KDDI considered but passed on Sprint acquisition

KDDI considered but passed on Sprint acquisition

Summary: Japanese telco's president says company is "not stupid", has done various analyses and hence not worried about potential size advantage from rival Softbank's acquisition of the U.S. carrier.

TOPICS: Telcos, Networking

The number two telco in Japan, KDDI, said it had previously considered buying U.S. carrier Sprint, but chose to pass on the opportunity taken up by rival Softbank.

According to a Reuters report Wednesday, Takashi Tanaka, president of KDDI, revealed the company was approached by brokerages to buy Sprint but declined to participate in talks.

"Pursuing the size is one value, but that's Softbank's style, and we are different," another report by the Japan Times quoted him as saying.

His revelation comes just days after Japan's third largest telco Softbank announced it will acquire a 70 percent stake in Sprint for US$20.1 billion.

Tanaka added Softbank's latest move would not affect his company's strategy for overseas markets.

He also dismissed fears that the Softbank-Sprint alliance could spark a price war by using its new size advantage to procure handsets and network equipment more cheaply.

Major carriers already procure large amounts of handsets, so it is questionable how much they can exploit the size advantage, Tanaka said.

"We are not stupid; we've been carrying out various analyses," he added.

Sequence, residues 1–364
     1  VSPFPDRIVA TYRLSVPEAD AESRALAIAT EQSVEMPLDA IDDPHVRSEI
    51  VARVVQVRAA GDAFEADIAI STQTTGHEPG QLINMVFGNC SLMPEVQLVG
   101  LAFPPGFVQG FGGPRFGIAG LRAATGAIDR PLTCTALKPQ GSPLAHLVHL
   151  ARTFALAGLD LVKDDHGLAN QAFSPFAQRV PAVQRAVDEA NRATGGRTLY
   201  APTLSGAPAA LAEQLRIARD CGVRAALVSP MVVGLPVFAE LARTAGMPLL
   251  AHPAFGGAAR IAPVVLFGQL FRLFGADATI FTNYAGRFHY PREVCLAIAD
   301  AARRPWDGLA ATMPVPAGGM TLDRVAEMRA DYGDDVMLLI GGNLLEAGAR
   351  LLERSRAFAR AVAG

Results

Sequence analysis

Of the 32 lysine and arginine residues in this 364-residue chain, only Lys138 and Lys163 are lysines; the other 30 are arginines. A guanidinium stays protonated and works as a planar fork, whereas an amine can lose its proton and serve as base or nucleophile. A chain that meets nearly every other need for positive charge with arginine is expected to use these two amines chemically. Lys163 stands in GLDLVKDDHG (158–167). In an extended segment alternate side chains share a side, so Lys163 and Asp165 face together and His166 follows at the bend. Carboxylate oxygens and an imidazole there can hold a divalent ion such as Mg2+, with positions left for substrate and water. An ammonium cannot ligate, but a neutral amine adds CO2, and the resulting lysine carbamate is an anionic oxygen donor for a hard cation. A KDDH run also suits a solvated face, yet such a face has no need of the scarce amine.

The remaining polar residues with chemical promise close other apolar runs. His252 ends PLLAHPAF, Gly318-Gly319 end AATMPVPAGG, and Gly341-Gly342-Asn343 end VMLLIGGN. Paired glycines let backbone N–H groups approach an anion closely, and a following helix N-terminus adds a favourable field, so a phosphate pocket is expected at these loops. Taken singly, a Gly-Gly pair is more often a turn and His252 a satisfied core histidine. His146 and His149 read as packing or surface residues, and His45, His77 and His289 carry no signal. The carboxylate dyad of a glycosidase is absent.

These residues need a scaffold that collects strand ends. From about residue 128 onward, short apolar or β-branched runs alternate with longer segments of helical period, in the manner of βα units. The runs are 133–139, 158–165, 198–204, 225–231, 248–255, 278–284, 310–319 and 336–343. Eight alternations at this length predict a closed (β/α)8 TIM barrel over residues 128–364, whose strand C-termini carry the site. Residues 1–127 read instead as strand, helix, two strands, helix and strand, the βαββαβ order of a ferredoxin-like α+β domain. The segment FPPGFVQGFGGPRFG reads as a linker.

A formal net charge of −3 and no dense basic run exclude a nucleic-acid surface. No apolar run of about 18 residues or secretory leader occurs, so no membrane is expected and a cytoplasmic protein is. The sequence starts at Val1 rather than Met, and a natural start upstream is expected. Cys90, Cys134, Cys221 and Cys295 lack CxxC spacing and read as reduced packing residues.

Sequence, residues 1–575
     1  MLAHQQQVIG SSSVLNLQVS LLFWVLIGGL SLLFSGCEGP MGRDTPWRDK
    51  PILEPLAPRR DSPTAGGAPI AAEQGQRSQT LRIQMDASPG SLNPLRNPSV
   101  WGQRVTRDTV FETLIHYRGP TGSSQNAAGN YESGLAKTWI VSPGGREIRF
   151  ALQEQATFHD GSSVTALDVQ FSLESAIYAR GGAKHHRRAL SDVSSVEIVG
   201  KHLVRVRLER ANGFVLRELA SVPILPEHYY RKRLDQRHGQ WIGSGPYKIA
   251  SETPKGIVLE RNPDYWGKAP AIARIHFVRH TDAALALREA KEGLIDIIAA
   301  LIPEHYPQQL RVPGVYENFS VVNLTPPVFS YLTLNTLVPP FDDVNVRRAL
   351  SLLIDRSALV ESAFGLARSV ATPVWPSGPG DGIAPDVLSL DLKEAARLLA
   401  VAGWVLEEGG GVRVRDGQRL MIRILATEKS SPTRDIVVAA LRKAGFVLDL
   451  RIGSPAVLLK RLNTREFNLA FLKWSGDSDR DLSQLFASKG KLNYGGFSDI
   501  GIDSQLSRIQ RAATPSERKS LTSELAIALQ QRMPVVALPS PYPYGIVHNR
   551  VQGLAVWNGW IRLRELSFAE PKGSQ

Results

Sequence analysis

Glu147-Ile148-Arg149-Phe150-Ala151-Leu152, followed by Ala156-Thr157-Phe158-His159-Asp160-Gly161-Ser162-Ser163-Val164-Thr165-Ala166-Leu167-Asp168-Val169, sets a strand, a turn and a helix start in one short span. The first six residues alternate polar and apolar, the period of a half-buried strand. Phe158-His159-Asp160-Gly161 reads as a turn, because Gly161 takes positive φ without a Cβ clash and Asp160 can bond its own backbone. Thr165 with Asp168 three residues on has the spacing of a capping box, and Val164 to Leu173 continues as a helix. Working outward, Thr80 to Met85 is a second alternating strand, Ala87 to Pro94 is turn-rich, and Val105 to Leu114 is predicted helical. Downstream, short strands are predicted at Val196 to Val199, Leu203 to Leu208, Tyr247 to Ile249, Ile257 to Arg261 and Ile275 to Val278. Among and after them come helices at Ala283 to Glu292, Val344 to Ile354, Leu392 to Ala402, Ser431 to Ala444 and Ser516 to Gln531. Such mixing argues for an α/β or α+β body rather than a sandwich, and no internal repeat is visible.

Rivalry between KDDI and Softbank, which both sell the Apple iPhone, has intensified over the past year, the Japan Times report said.

Until September 2011, Softbank was the only Japanese operator selling iPhone devices until KDDI said it acquired rights to sell the iPhone 4S launched in October that year.

Earlier this month, Softbank also said it will acquire domestic rival eAccess for US$2.3 billion, aiming to boost its available bandwidth and LTE (long-term evolution) services to compete with larger players KDDI and NTT Docomo.

Topics: Telcos, Networking

Jamie Yap

About Jamie Yap

Jamie writes about technology, business and the most obvious intersection of the two that is software. Other variegated topics include--in one form or other--cloud, Web 2.0, apps, data, analytics, mobile, services, and the three Es: enterprises, executives and entrepreneurs. In a previous life, she was a writer covering a different but equally serious business called show business.

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